Steve Wynn, chairman and CEO of Wynn Resorts Ltd., repeated a common argument to a CNBC reporter today — that the U.S. government, like any individual, could not continue to spend more money than it makes. While this is how most of us learn to think about consumer and other household debt, it’s worth a closer look.
First, a quick accounting primer. Assets, liabilities, and net worth (the balance sheet) are distinct from revenues and expenditures (the income statement). When expenditures exceed revenues over some period of time, a business (or a government or a household) runs a deficit. Deficits can be absorbed by assets such as savings (net assets are assets minus liabilities). If liabilities exceed an entity’s assets, then it is leveraged, or said to be in a ’negative asset position’. While this sounds bad, it simply means that if a sufficient number of the entity’s creditors demanded repayment of its obligations, it would be wiped out (this is essentially what happens in a bank run). If that were to happen, then the entity must either raise capital or fold. It can raise capital by finding new lenders to loan it additional funds (creditors who are willing to assume the risk that future debt service will occur), or by finding investors who are willing to provide capital in exchange for an ownership stake (equity owners who are willing to put capital at risk in exchange for a claim on future profits). However, if creditors do not suddenly demand repayment in full, and the entity is able to service its debts from its operations, then it can survive and even do quite well.
How does this apply to public finances? First, it tells us that public deficits are a pressing concern only if they threaten a society’s overall net wealth (net wealth being the assets left over if all debt were suddenly repaid). To determine that, we have to compare the level of debt to the level of assets. Estimating the underlying assets that a government has access to is difficult, but as a quick and dirty rule of thumb, we can multiply the government’s share of GDP by the net underlying assets in the economy. This gives us a rough idea of the level of discounted future output over which the U.S. Government has some (indirect) control. Unfortunately, as John Rutledge has pointed out, this is not an easy number to estimate, because federal economic statistics tend to focus on flows (like GDP) rather than assets. However, using recent Federal Reserve Flow of Funds data, we can conservatively estimate that the net asset position of the U.S. is somewhere north of $71 trillion (we’ve left out the net assets of governments, farms, and retirement funds).
Assuming that the federal government’s share of GDP is 20% and that this corresponds to its degree of control over economic assets, the U.S. government has access to roughly $14.2 trillion in assets. At 30% of GDP (a level which we believe could unfold in the coming decade), that number increases to $21.3 trillion. At an estimated $12.9 trillion in 2009, the gross U.S. national debt stands at 61% to 91% of net assets. And again, those asset figures are conservative. If they were more accurate, the debt percentage would almost certainly be lower.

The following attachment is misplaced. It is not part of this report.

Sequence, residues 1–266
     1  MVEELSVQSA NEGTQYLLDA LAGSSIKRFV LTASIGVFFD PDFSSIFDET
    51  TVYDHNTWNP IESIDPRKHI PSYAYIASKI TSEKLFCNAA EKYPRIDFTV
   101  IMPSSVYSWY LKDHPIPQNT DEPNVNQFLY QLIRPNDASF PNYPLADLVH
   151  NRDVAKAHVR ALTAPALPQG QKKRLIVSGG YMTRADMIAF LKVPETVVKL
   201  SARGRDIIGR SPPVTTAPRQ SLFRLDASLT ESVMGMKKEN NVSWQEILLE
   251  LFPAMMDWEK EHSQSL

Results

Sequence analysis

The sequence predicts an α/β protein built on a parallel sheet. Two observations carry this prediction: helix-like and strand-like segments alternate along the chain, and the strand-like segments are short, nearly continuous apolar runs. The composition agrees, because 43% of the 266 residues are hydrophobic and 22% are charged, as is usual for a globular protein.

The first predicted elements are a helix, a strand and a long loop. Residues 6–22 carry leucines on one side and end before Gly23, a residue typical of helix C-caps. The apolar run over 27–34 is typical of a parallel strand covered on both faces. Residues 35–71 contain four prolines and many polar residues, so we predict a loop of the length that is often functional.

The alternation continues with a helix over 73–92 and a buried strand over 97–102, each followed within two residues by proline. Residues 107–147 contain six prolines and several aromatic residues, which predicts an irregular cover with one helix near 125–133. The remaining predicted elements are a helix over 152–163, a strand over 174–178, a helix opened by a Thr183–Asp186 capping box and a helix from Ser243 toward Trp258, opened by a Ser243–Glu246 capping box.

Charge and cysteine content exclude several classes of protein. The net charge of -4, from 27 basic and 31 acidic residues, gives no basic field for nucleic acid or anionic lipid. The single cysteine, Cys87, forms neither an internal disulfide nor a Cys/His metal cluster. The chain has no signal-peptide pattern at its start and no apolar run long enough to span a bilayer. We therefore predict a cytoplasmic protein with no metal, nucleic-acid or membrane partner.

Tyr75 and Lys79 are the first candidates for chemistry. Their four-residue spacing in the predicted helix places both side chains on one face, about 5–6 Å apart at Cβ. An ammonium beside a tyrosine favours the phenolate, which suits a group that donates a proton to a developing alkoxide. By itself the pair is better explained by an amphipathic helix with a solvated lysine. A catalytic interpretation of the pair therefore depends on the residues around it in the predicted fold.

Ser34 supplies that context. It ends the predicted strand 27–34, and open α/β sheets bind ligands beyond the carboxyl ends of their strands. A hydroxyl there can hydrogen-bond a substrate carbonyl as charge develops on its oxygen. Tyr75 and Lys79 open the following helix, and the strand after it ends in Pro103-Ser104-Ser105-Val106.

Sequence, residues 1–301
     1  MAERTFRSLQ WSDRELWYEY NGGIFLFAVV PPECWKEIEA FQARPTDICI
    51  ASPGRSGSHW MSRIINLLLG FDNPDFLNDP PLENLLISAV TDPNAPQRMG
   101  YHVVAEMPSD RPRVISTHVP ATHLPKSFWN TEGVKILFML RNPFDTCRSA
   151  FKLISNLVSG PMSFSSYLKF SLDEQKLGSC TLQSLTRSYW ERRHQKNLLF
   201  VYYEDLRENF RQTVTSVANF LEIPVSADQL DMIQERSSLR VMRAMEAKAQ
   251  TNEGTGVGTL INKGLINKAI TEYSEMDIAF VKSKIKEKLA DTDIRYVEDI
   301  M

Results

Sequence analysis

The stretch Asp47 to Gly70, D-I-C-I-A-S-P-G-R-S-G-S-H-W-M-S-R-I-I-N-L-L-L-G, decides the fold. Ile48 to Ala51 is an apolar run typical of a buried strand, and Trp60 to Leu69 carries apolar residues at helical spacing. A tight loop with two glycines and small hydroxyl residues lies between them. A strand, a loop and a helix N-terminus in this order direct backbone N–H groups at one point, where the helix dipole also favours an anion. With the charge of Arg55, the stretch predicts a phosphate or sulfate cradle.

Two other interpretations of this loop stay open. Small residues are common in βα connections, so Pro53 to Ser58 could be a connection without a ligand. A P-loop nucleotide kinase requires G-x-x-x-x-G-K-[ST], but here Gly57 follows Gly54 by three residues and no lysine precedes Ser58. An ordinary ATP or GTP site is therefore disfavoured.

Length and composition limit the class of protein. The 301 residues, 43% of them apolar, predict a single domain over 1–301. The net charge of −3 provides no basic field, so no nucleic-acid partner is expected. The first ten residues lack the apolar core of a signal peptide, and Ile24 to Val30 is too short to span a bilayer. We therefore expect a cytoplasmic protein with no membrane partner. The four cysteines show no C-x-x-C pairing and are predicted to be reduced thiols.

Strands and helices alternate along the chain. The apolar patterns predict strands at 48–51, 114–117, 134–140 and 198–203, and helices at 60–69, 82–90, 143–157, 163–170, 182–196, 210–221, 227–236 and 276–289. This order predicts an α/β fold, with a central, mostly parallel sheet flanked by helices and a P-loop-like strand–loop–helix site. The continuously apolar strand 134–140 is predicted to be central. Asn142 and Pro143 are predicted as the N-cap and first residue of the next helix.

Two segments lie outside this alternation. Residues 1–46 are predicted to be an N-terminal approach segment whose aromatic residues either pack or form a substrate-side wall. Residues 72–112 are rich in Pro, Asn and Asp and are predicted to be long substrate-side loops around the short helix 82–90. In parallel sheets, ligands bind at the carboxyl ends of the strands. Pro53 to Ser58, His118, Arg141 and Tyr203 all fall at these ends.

Contrast this to the company that Wynn heads. It has a net asset position, ex-intangible and other assets and deferred charges, of roughly $1.37 billion, and long term debt of $4.29 billion. Its debt is over 300% of net assets, which is some three to five times more levered than the federal government, according to our back of the envelope numbers (though both pale in comparison to the leverage ratios taken on by the financial industry in this decade). There are other important contrasts as well. Wynn Resorts will never have a cost of capital as low as the U.S. Treasury; it has to compete intensely for revenues, and its profitability is subject to many factors that are well beyond its control. The U.S. government has few if any competitors, and its revenues come about via legally enforceable obligations imposed upon the private sector.
I don’t mean to put forth the argument that the U.S. government should lever up to the level of a corporation like Wynn, or that it couldn’t quickly push itself into a more precarious financial position***. To be sure, like any other entity, it needs to service its debt from cash flows rather than assets whenever possible. And long term entitlement commitments are indeed an eight hundred pound gorilla. I’m simply pointing out that as things stand today, gross U.S. debt is hardly at an unmanageable level. Thus, widely agreeable public investments and expenditures should not be held hostage to hyperbole or anxiety over government deficits. This should be kept in mind when thinking about what Treasury Secretary Geithner has called the “central economic choice of our time”.
***OMB forecasts gross public debt of $18.35 trillion by 2018, a compound annual growth rate of almost 7.5%. This will surely surpass normalized annual GDP growth over the same period. But note that it’s well below the growth rate of household and some other types of debt in the 2004-2008 period, and still represents a reasonable proportion of today’s net economic assets.
IMPORTANT DISCLOSURES and DISCLAIMER: Symmetry Capital Management, LLC is a state registered investment advisor. Neither the firm, its principals, its employees, or its clients own securities of any companies mentioned. The foregoing information is for educational and entertainment purposes only. It does not constitute an offer to buy or sell any securities, or a recommendation of any investment strategy.